Consumer Products

Marijuana Purchases and Use Soar as Coronavirus Spreads Across the US

From the “Captain Obvious” department: Statistics show that marijuana sales have spiked over the past few weeks, and it appears that, unlike toilet paper and hand sanitizer, the sales increases are not just the result of users hoarding while expecting weeks or even months of isolation. Investors who once embraced the marijuana industry just a couple of years ago have all but abandoned it, despite statistics that show growing overall use.

In an interesting and very solid report from Alliance Global Partners, analyst Aaron Grey makes the case that while the industry has been very volatile, the numbers are trending higher. This was noted in the report:

The coronavirus (aka COVID-19) continues to impact the US and world, disrupting everyday life. Within this disruption, cannabis sales spiked the past few weeks according to multiple data providers & companies. We believe this points to the resiliency of cannabis and goes deeper than just consumers hoarding product in anticipation of a prolonged period of isolation. We see this as pointing to the staying power and importance of the industry as many states have deemed cannabis business “essential” despite thousands of federal legal businesses being shut down. That said, we still see high risk to specific companies during this period, particularly those who may need to tap the capital markets in the near-term.

The mere fact that some states and localities have deemed that marijuana dispensaries are among the companies in the “essential business” category, which allows them to remain in operation during some lock-downs, is indeed a sign of growing acceptance. The Alliance Global team feels that this eventually could help with the federal legalization efforts.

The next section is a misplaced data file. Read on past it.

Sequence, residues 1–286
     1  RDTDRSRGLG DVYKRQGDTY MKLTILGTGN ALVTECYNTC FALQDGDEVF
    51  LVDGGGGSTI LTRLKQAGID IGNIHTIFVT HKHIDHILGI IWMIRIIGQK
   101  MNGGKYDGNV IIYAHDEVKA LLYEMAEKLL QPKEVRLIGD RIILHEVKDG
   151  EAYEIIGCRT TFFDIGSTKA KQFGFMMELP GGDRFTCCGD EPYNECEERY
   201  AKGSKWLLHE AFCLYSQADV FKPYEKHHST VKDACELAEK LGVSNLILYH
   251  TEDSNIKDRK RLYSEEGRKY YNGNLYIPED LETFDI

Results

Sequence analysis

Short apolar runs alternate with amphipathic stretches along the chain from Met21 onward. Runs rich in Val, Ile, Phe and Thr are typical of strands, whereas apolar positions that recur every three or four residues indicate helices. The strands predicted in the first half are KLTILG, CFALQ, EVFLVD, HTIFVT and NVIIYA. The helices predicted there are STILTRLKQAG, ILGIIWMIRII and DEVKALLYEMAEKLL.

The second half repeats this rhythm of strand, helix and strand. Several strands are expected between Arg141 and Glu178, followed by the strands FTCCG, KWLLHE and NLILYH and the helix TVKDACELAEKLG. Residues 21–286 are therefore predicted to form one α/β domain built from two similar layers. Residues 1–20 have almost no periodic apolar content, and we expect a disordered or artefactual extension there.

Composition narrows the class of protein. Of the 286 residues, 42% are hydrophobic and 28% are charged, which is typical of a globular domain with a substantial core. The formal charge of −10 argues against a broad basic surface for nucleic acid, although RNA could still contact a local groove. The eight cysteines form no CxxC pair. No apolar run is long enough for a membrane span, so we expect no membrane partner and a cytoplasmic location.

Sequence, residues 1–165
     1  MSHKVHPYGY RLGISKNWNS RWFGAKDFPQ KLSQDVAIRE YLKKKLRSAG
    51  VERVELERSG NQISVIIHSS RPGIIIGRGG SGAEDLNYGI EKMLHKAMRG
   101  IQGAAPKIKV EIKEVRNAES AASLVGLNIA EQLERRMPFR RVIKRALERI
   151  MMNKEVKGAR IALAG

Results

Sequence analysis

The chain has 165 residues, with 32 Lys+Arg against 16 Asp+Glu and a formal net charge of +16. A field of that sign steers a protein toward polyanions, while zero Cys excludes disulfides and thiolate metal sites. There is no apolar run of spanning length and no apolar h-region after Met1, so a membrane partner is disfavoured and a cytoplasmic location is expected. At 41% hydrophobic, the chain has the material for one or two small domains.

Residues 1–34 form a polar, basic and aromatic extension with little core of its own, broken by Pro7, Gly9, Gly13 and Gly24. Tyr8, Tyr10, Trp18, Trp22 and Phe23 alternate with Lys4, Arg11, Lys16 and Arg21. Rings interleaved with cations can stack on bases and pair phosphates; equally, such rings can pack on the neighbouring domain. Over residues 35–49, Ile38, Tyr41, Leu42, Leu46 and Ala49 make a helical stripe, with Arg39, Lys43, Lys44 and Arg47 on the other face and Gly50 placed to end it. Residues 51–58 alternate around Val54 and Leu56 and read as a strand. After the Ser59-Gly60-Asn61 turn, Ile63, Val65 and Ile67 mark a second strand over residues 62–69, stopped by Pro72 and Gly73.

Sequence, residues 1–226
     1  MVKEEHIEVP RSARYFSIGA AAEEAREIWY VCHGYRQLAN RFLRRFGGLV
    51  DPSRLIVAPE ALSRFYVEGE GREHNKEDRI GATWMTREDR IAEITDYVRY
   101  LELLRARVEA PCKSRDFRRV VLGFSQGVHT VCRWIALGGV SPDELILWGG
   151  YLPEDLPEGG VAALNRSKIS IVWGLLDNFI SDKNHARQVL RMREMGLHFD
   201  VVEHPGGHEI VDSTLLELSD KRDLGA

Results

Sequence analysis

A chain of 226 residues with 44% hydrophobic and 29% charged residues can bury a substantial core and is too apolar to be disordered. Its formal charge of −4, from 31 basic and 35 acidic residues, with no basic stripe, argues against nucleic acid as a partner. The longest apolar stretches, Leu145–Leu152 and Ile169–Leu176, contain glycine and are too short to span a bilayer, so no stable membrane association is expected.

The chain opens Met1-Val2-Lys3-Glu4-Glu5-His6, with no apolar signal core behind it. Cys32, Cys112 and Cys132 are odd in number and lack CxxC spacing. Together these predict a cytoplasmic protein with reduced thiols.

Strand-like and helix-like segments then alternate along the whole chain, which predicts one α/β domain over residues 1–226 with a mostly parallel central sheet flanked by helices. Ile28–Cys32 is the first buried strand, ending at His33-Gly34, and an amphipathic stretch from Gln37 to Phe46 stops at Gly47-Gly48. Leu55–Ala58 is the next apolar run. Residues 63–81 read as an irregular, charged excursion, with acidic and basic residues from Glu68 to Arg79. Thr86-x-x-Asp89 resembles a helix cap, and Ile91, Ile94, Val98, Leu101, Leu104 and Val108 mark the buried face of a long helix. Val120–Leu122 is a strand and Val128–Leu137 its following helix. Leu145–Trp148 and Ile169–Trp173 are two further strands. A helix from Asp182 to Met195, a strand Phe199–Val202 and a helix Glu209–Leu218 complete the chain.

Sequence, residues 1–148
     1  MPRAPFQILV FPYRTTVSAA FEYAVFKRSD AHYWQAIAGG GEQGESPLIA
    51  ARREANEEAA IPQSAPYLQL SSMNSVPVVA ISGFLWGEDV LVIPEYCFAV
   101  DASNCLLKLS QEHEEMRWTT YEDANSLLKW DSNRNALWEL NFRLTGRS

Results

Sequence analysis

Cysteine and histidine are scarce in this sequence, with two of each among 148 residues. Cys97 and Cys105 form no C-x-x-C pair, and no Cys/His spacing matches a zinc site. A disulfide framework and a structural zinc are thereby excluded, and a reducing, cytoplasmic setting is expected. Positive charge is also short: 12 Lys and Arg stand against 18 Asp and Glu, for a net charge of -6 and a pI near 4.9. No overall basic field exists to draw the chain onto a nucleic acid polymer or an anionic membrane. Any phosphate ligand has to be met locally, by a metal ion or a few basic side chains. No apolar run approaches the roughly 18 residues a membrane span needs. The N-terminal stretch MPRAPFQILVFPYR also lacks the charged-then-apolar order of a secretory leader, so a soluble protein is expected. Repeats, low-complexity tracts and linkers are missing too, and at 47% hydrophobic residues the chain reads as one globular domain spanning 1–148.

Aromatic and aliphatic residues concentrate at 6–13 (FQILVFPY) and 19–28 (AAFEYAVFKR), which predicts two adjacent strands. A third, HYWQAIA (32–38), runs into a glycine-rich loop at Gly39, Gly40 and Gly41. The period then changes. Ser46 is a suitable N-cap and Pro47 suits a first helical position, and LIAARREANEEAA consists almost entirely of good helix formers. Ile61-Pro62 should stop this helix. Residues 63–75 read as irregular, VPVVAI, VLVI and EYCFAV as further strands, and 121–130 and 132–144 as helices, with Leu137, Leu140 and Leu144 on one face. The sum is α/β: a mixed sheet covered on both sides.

Not exactly sure of the status of cannabis? Marijuana is currently legal for recreational use in Alaska, California, Colorado, Massachusetts, Maine, Michigan, Nevada, Oregon, Vermont, Washington and the District of Columbia. On January, 1, 2020, Illinois became the 11th state to legalize recreational marijuana.

In addition, at the end of 2019, a poll done by CBS indicated that support for legal pot hit a new high in 2019, with two-thirds of adults polled saying marijuana should be legal. In addition, for the first time in CBS News polling history, a majority of Republicans (56%) favored legal marijuana. While people ages 65 and over continued to be the least likely age group to support marijuana legalization, slightly more of them favored it (49%) than opposed it (45%) in that poll.

It should be noted that while states have made the recreational use of pot legal, it is still illegal on a federal basis. Therefore it remains a cash-driven business as dispensaries around the United States only take cash or debit cards. The Alliance Global report notes that making pot an essential business at the state level shows the disconnect between state and federal law and could help drive a reassessment of legality, or at the minimum, permissibly at the federal level in the coming months and years.

In states like California, some dispensaries actually take orders from customers off of an online menu, and the products, whether of the leaf, vape or edible variety, are actually ordered and delivered like pizza is. The report noted this when discussing the increase in deliveries:

Google Trends data shows that searches for “Cannabis Deliveries” has more than doubled from levels in January. While we do not believe these levels will hold over time, we do believe this could help to accelerate the growth of cannabis delivery, which has already been increasing over the past five-years per Google Trends. That said, delays caused from high demand could increase the wait times beyond the norm (as many sites have indicated). This likely makes the consumer experience not as optimal as it would be during a normal course of business – which could impact repeat delivery purchases when we do get back to a sense of normalcy, in our opinion.